The Duvernay Shale came to prominence in 2010 and 2011, when more than $2 billion were spent in auctions for land rights targeting the Devonian shale formation.
The liquids rich play follows the trend set by similar unconventional targets in the United States, such as the prolific Eagle Ford Shale in Texas. Technology advances such as horizontal drilling and multi-stage hydraulic fracturing unlocked the potential of the tight rock.
The Duvernay Formation is of Devonian age, and is the stratigraphic equivalent of the Horn River, the largest shale gas play in North-Eastern British Columbia by gas reserves. The Devonian is considered the source rock for the Leduc reefs light oil play, the discovery of which was one of the defining moments in the Western Canadian oil and gas industry. The Duvernay Shale lies at about 3500 metres vertical depth below West-Central Alberta, significantly deeper than other shale targets currently developed in the Western Canadian Sedimentary basin. Also different from unconventional gas reservoirs such as the Montney and Horn River, the Duvernay shale contains significant amounts of liquid hydrocarbons, including free condensate, in addition to the shale gas, making it more appealing in a market defined by low gas and high oil prices.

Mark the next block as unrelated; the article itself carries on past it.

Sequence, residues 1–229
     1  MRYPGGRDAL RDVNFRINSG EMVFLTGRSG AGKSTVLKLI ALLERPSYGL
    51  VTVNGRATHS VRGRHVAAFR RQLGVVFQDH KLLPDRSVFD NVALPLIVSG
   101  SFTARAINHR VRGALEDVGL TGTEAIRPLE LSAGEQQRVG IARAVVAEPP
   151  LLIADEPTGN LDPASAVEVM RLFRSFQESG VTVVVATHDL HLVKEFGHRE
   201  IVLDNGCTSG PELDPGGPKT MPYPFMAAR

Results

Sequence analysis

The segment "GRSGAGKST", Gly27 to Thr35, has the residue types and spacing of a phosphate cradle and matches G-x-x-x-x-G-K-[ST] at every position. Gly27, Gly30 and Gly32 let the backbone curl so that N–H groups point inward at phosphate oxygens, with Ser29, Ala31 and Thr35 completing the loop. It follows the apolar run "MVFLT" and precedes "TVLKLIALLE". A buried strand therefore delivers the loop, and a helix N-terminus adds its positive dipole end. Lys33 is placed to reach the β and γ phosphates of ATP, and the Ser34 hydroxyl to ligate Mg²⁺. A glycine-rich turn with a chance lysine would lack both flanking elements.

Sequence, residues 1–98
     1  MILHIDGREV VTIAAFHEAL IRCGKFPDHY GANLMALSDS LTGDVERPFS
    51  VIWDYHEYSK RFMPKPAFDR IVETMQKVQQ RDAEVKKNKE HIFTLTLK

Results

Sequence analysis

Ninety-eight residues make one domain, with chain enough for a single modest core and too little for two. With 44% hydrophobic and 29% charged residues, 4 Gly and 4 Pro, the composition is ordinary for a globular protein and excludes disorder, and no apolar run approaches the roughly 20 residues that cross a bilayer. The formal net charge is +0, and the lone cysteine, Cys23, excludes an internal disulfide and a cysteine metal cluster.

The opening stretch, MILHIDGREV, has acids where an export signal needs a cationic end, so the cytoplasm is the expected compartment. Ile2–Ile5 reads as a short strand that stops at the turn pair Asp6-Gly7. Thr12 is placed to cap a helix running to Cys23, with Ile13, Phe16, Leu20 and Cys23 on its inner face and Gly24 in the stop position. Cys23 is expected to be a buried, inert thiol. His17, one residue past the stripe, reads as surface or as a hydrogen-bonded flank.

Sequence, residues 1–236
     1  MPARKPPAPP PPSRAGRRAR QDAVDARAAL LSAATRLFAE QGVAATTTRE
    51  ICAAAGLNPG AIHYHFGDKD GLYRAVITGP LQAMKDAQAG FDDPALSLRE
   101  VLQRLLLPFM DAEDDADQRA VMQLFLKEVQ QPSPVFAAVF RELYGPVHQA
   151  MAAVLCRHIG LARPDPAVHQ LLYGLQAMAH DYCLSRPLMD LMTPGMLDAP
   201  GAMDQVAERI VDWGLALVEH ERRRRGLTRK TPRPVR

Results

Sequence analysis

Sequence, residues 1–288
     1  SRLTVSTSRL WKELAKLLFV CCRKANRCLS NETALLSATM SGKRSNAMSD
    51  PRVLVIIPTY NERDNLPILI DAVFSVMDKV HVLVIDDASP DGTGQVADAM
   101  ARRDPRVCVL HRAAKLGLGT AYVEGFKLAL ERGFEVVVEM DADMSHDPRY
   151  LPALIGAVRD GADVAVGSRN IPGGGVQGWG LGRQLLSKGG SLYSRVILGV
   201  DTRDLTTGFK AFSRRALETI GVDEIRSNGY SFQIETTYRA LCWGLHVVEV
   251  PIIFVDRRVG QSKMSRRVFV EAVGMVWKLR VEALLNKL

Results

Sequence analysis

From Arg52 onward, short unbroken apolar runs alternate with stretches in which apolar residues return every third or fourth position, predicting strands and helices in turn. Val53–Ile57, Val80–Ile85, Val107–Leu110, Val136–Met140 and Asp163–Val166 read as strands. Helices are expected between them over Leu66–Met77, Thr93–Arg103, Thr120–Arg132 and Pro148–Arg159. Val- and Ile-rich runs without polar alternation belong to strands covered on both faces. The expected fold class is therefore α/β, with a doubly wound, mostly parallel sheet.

Companies involved in the exploration of the Duvernay Formation include pioneers Celtic Exploration, Trilogy Energy, Yoho Resources as well as large scale operators such as EnCana Corporation, Talisman Energy, Royal Dutch Shell, Husky Energy and Chevron Corporation.
The Duvernay fairway stretches across acreage with comprehensive oil and gas infrastructure, underlying fields with established oil and gas production such as Kaybob and the Pembina field. This constitutes an advantage over other Canadian unconventional shale plays such as the Horn River, situated in underdeveloped remote North-Eastern British Columbia. Access to pipelines and processing plants, as well as proximity to established oil and gas centres provides access to services and can significantly streamline the flow of the product to market.
So then the main challenge is extracting the gas and liquids from the tight rock in an economical way. The Duvernay has an effective porosity of up to 5-7%, and total organic carbon content of up to 3-4%. The thickness of the formation is 150 to 200 meters across the fairway. The reservoir has high initial formation pressure, good for production, but more difficult to drill. The cost of drilling and completing a well in the Duvernay has initially been around $15 million, yielding 2 million cubic feet per day gas with 150 barrels per day of 56 API condensate. There is ample room to decrease drilling and completion cost, improve hydraulic fracturing efficiency and increase production as the exploration progresses and technology is optimized.
Chinook Consulting assists oil and gas companies with field and office geological supervision of operations in the Duvernay liquids rich shale reservoir. Several of our wellsite geologists are specialized in this particular play. Our company has solid expertise related to the specific drilling process of the Duvernay play.
- Lexicon of Canadian Geologic Units. Duvernay Formation
© March, 2012, Chinook Consulting Services